Additionally, with V-LINK Onboard Video Control users are allowed playback and performance of video clips with music created on the V-Synth via the Roland DV-7PR Digital Video Workstation (sold separately). Use V-LINK to trigger different video clips with V-Synth's keyboard while using the bender to change playback speed. Using the TimeTrip Pad, you can scan a clip forwards or backwards with your finger, or change colors using the Twin D Beams. A totally unique feature perfectly suited for live use.

Roland V-Synth Image

The V-Synth GT was later released in 2007 which adds Roland's Vocal Designer technology with revolutionary Articulative Phrase Synthesis technology. Articulative Phrase synthesis recreates the ever-changing behavior, nuance and sound of an instrument as it's being played. The results are stunningly expressive and realistic, and can be applied to acoustic instrument simulation as well as new, never-before-heard sounds. In a nutshell, it lets acoustic instrument sounds such as a violin sound like it's being played with a bow rather than keys on a keyboard. New front panel features include a color touch-screen with eight universal control knobs, and the addition of dedicated buttons and sliders to make access faster and easier. The GT could also has a maximum 28 voices of polyphony.

Roland V-Synth Image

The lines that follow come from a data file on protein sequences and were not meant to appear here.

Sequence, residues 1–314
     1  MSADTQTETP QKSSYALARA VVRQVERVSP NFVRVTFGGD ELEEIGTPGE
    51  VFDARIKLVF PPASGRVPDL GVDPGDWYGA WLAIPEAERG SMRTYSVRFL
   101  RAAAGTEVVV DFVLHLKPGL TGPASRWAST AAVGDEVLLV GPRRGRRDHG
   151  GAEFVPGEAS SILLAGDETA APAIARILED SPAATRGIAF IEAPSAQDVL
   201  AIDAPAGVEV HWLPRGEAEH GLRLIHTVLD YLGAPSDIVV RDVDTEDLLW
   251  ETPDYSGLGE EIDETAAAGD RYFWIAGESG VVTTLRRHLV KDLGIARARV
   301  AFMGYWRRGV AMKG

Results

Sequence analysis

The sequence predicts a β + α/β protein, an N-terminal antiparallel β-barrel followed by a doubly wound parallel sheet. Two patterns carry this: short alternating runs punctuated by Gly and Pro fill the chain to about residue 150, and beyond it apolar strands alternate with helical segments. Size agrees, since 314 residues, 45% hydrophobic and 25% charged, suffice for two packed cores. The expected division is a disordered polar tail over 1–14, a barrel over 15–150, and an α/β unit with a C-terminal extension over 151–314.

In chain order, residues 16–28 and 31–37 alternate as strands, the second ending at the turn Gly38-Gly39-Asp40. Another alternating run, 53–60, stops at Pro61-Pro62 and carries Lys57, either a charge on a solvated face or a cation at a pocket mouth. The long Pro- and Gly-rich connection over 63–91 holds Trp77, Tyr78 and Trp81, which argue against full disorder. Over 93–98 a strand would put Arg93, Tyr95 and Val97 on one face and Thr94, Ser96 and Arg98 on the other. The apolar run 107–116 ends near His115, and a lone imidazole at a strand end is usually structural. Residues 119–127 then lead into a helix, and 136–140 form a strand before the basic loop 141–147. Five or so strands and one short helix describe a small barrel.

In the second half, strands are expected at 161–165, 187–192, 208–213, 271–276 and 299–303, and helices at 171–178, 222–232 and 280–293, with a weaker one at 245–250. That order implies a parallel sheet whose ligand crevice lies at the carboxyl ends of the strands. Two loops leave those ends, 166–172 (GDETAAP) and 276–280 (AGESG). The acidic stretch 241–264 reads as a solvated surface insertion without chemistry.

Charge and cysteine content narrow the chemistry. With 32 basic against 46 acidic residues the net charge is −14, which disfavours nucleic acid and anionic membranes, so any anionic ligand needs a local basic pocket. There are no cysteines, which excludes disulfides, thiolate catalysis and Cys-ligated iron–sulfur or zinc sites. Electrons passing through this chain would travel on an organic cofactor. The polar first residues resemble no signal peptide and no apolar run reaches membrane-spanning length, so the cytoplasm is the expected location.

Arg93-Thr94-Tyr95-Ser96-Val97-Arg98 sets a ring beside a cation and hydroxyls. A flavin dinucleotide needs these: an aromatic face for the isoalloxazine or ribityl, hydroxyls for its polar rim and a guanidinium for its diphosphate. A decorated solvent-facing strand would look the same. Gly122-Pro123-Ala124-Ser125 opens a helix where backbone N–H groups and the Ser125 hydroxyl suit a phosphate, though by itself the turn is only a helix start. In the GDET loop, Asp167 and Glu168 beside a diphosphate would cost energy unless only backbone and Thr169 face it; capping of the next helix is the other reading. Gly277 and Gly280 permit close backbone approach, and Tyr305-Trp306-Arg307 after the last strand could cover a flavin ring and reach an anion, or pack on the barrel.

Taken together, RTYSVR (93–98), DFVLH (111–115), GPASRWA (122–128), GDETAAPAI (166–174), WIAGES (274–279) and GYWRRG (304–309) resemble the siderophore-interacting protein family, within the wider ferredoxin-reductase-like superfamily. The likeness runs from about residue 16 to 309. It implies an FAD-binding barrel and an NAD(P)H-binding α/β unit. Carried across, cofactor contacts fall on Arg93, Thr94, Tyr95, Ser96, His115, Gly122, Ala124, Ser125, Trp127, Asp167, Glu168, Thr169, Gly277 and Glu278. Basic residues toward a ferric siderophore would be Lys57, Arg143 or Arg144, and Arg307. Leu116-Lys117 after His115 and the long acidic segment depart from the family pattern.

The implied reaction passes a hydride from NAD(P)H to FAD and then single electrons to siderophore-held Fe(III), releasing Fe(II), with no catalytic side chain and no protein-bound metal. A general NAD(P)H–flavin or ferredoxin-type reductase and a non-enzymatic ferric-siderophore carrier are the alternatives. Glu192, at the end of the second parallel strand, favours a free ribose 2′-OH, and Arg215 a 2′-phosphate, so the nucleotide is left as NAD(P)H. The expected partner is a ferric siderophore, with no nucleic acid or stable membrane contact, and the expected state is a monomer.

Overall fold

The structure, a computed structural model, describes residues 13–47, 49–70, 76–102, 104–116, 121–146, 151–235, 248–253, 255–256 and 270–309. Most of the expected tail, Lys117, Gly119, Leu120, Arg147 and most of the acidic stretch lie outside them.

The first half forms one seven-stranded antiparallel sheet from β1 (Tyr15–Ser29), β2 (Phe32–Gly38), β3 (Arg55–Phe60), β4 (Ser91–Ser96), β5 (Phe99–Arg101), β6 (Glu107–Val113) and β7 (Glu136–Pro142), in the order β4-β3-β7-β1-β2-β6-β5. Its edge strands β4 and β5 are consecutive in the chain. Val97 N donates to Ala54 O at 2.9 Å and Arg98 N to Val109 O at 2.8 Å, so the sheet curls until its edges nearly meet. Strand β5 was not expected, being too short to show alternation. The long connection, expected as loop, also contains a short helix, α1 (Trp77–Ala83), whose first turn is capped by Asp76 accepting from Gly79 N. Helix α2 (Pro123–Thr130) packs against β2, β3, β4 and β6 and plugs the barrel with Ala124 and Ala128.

The V-Synth XT is a rack-mount module version of the V-Synth released in 2005. Same amazingly powerful synthesis engine, minus some of the on-board perfomance controllers like the D-Beams and Trip Pad. However the large user touch screen is still fully represented. The XT comes pre-installed with Roland's VC-1 (D-50 emulator) and VC-2 (Vocal Designer). V-Synths have been used by BT, Asia, Ladytron, Orbital, Richard Barbieri, Nick Rhodes (Duran Duran) and more.

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The link above will take you to an eBay search for this synth to see active listings with more images, specs and information. If you don't find it there, try looking in our forum marketplace. Our marketplace gets thousands of visits every week so make sure to check back often if you want to buy or sell a synth.

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Are you looking to buy or sell a Roland V-Synth? Post an ad in Gear For Sale or a request in Gear Wanted. For spare parts and repair services check out Gear Services & Other Goods. Our forums also has a Buyer’s Guide section where you can ask for advice on buying synthesizers.

89 Visitor comments
November 27, 2012 @ 1:40 pm
Just so everyone knows, USB Midi does not work with Windows 7 and Roland is too lazy to update their driver.
October 17, 2012 @ 2:43 pm